The NCC Watch Walking Tour
Confederation Boulevard: pride of the NCC. They built it for $40 million, and now they promote it and brand it, all to help "communicate the capital to Canadians." Like they say, "Perhaps no other development in the Capital Region so clearly defines the distinctive nature of Canadian culture." Well, Canadian bureaucratic culture, at any rate. Of course, there are a few things you might not find on the various plaques and NCC brochures. In its zeal to execute whatever plan was popular at the time, the NCC expropriated and demolished much of Ottawa's genuine history, replacing it with Confederation Boulevard's contrived agglomeration of monuments and flagpoles.
To find out more, take the NCC Watch Confederation Boulevard Walking Tour of NCC Planning Disasters. Enjoy!
- LeBreton Flats - expropriated and demolished by the NCC in the 60s
- Portage Bridge - built by the NCC in the early 70s, both ends of the bridge feature dismal interchanges. It crosses Victoria Island, expropriated along with the flats, now a ghost town of a few surviving industrial buildings.
- Place du Portage - part of the NCC's "building dispersal programme," large tracts of Hull were expropriated to make way for monumentally unattractive Federal Government office buildings, a failed mall, and Boulevard Maisonneuve, a six lane commuter road to the former city of Gatineau cut through the middle of Hull.
- Interprovincial (Alexandra) Bridge - part of Ottawa's old railroad infrastructure connecting Ottawa and the Gatineau, now a road link to the McConnell-Laramee freeway, which cuts through Gatineau Park. The old railway bypass that connected the bridge to Chateau Laurier and Union Station in Ottawa is now a private NCC road and the former Museum of Photography (now vacant).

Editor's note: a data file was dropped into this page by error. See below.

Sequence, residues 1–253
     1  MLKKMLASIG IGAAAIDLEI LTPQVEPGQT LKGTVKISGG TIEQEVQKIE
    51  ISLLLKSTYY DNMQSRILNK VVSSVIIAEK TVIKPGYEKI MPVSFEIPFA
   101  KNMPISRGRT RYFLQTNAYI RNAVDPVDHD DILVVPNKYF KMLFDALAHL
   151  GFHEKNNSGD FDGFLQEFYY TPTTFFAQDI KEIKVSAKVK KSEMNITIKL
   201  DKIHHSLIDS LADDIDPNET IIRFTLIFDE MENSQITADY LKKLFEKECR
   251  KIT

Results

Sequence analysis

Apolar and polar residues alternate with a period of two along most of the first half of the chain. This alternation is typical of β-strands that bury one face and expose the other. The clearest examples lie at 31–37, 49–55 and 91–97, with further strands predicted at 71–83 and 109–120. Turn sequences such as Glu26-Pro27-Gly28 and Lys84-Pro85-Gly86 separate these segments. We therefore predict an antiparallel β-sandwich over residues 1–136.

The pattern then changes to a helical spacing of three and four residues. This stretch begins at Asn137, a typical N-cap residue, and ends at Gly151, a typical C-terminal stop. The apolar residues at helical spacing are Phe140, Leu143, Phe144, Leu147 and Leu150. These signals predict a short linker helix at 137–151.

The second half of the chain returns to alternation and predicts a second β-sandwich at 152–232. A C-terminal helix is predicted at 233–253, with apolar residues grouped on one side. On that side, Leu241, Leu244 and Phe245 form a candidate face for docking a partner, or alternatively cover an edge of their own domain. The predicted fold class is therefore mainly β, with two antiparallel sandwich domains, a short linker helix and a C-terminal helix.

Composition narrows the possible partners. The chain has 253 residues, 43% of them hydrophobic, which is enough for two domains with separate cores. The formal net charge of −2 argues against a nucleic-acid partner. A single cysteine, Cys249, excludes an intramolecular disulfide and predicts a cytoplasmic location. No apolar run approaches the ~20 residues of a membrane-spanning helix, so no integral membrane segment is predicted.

- Bolton Street - the NCC expropriated many properties along Sussex as a buffer to its "Mile of History" and then let them go to ruin, and is now in the process of straightening Sussex - and demolishing the last two heritage houses left on the street.
- Daly Building - demolished by the NCC in the 80s
- Union Station - ground zero for the demolition of Ottawa's railroad heritage, the station itself is, incredibly, still standing, now an underused Federal Government conference centre, closed to the public. The bridge over the canal is the site of a plaque honouring the heritage they destroyed.
- Confederation Park - former site of the Roxborough Arms, an apartment building that once stood at the intersection of Laurier and Elgin streets
- NCC Info Centre - so much for Jacques Greber's "monumental backdrop" to Parliament Hill; when the Rideau Club burned down in 1979, it was replaced with a nondescript little square backed by the Info Centre.
- Canada and the World Pavilion - built by the NCC for no particular reason in 2000, visited by few, and closed in 2005, the Canada and the World Pavilion sits on prime parkland beside Rideau Falls. It will likely become government offices or an embassy.
The NCC commemorates the rail heritage they demolished